CAIRO: While negotiations over the Nile Cooperative Framework Agreement seem to have reached a dead-end, some experts are still optimistic that a solution is on the horizon.
“I don’t believe there will be a water war. Negotiations are the only solution. It’s a long process, but there is no other solution,” American University in Cairo Associate Professor of Political Science Ibrahim El Nur told Daily News Egypt.
“A win-win situation is foreseeable,” said El Nur.
In 1988, Former UN Secretary-General Boutros Boutros Ghali wrote, "When it comes to Africa, and when it comes to the Nile, Egyptian policy should remain consistent in the pursuit of stability."
But the Nile Cooperative Framework Agreement, signed by five Nile Basin states and opposed by Egypt and Sudan, puts a strain on relations in the Nile Basin. The signatories, Rwanda, Ethiopia, Uganda, and Tanzania, joined by Kenya a week later, now constitute the majority of the riparian states.
“It has to start with cooperation between the three main riparian countries; Ethiopia, the country responsible for 86 percent of the water, and Egypt and Sudan, the two countries with the largest shares,” El Nur said.
The accord, which allows these states to implement projects along the Nile River for irrigation and hydropower benefits, also practically discredits British-sponsored colonial-age agreements that have long allocated the largest shares of the river to Egypt and Sudan, the two downstream states.
“Ethiopia does not have enough arable land for agriculture,” claimed El Nur. “It makes a lot of sense to produce electricity in Ethiopia, and that is one major area of cooperation. Meanwhile, Egypt could specialize its agriculture in crops that demand less water, and Sudan could specialize in crops that depend on rain, of which it has enough.”
El Nur also called for a collective effort to reduce evaporation from the Nile River.
Promoting similar meaningful ties, such as trade relations, would help ensure that future developments in the Nile Basin Initiative do not come at the price of stability. “Broader cooperation would facilitate smoother relations between Egypt, Sudan, and Ethiopia. The rest would be much easier, even if Sudan separates into two,” asserted El Nur.
Egypt’s relations with upstream states are just as important as its relations with Sudan, the only other Arab riparian state, and it must work just as hard to promote unity and cooperation with its African neighbors, he explained.
“There is no way but cooperation, starting with these three main countries. The tactic of alliance between Egypt and Sudan won’t work in the long run. You have to integrate Ethiopia,” added El Nur.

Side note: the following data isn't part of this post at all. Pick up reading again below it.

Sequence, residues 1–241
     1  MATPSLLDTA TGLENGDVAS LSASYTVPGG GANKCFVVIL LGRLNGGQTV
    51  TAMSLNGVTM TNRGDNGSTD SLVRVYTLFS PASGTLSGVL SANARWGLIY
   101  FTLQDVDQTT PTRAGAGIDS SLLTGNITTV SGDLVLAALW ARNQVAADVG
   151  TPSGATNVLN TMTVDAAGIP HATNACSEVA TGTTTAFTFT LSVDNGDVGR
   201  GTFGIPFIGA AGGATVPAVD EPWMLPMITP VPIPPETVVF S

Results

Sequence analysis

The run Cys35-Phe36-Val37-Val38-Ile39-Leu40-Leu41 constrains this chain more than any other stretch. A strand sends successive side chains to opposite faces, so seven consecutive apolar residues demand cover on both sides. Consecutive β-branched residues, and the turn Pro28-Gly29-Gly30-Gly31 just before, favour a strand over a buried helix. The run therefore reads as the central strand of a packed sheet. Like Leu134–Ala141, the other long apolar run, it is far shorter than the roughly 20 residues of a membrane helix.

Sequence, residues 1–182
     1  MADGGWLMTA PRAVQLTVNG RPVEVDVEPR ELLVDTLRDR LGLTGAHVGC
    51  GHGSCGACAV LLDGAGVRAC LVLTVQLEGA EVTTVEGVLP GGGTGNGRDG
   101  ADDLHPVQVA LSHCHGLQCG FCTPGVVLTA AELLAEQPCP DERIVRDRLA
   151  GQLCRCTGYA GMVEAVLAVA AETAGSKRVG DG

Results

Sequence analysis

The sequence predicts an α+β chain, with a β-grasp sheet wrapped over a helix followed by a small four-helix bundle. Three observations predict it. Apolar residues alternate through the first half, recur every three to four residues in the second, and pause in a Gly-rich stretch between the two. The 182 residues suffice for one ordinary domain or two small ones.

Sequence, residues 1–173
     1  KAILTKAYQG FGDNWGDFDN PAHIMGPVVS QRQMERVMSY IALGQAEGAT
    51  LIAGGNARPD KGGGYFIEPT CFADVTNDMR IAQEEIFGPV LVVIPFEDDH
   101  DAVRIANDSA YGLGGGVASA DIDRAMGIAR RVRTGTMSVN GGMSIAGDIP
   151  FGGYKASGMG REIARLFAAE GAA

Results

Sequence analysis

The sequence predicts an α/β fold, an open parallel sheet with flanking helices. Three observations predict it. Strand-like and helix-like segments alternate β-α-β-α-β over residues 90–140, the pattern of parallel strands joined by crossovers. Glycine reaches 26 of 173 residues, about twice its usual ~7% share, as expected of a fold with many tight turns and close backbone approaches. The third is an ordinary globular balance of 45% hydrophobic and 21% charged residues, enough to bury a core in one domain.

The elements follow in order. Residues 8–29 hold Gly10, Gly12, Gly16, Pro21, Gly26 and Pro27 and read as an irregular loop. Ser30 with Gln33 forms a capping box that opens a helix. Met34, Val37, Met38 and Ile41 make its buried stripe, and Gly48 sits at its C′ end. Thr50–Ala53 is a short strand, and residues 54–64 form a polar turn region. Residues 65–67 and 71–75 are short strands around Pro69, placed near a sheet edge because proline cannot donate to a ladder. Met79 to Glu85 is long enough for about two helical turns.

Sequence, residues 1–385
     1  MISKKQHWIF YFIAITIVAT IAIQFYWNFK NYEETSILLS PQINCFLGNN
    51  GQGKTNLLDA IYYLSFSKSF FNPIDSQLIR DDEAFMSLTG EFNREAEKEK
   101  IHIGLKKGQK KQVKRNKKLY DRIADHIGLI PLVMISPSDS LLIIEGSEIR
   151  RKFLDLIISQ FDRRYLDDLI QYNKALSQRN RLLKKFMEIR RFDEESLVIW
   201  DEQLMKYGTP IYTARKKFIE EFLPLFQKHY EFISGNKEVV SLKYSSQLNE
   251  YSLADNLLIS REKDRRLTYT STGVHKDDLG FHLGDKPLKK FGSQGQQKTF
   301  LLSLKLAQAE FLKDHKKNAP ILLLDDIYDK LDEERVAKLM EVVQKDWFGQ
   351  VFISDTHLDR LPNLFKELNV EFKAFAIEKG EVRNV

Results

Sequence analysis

After talks in Sharm El-Sheikh failed to persuade upstream states to recognize the British-sponsored agreements, Moufid Shehab, minister of legal affairs, told parliament “Egypt’s historic rights to Nile waters are a matter of life or death. We will not compromise.”
Mohamed Allam, minister of water resources and irrigation, also stated after the talks that Egypt “will not sign on to any agreement that does not clearly state and acknowledge our historical rights.”
However, El Nur disagrees. “Upstream states did not recognize the agreements,” he said. “But in negotiations, you don’t give up right away. You start by stating your position. It makes sense to have started by using the agreements; to say that international law is on Egypt’s side. But then gradually, you have to start compromising.”
Upstream states, which are seven in total, must tackle problems of food security, growing population and chronic drought and are still far from taking advantage of the Nile River for their development. In the 1980s, severe droughts in Ethiopia caused wide-spread famine in the country, explained El Nur.
The Nile Basin Initiative was established in June 1999 with the aim of achieving, “sustainable socioeconomic development through the equitable utilization of, and benefit from, the common Nile Basin water resources,” as stated on the organization’s website.
Ethiopia acted upon that desire in April of this year when it launched the Tana Beles dam, aided by funding from Italy. President Hosni Mubarak visited Italy on May 18, and met with President Giorgio Napolitano and Prime Minister Silvo Berlusconi during his two-day trip.
In a recent interview with Al-Masry Al-Youm, Roshdy Saeed, an expert on the topic said, “This is one of Egypt’s biggest challenges and requires a lot of attention. The accords giving Egypt and Sudan the largest shares of the Nile were not problematic then because the populations in upstream countries were quite small and were dependent on rain, but the context is different now.
“There is a big disagreement between Egypt and Ethiopia as a result of these accords, which denied Ethiopia its water rights. Meanwhile, Egypt and Sudan are almost entirely dependent on their water shares from the Blue Nile. Around 85 percent of Egypt’s water comes from the Nile.”
“Ethiopia is supported by international law and international organizations, including the World Bank,” revealed Saeed. “I am against any foreign intervention in the negotiations among the Nile Basin countries. Any mediator could ruin bilateral relations and complicate the problem,” he added.
El Nur highlighted the importance of acknowledging the effect of the rise in populations. “The populations in Nile Basin states have more than quadrupled since 1959. Ethiopia went from 20 million to 80 million, Egypt went from 21 million to 90 million, and Sudan went from 10 million to 40 million. Cattle has also multiplied. All this leads to a greater need for resources,” he explained. “And global warming is going to have a serious effect on Africa’s water resources.”
“We really need to look at this issue logically and scientifically, not emotionally as a lot of people have been doing,” stressed El Nur.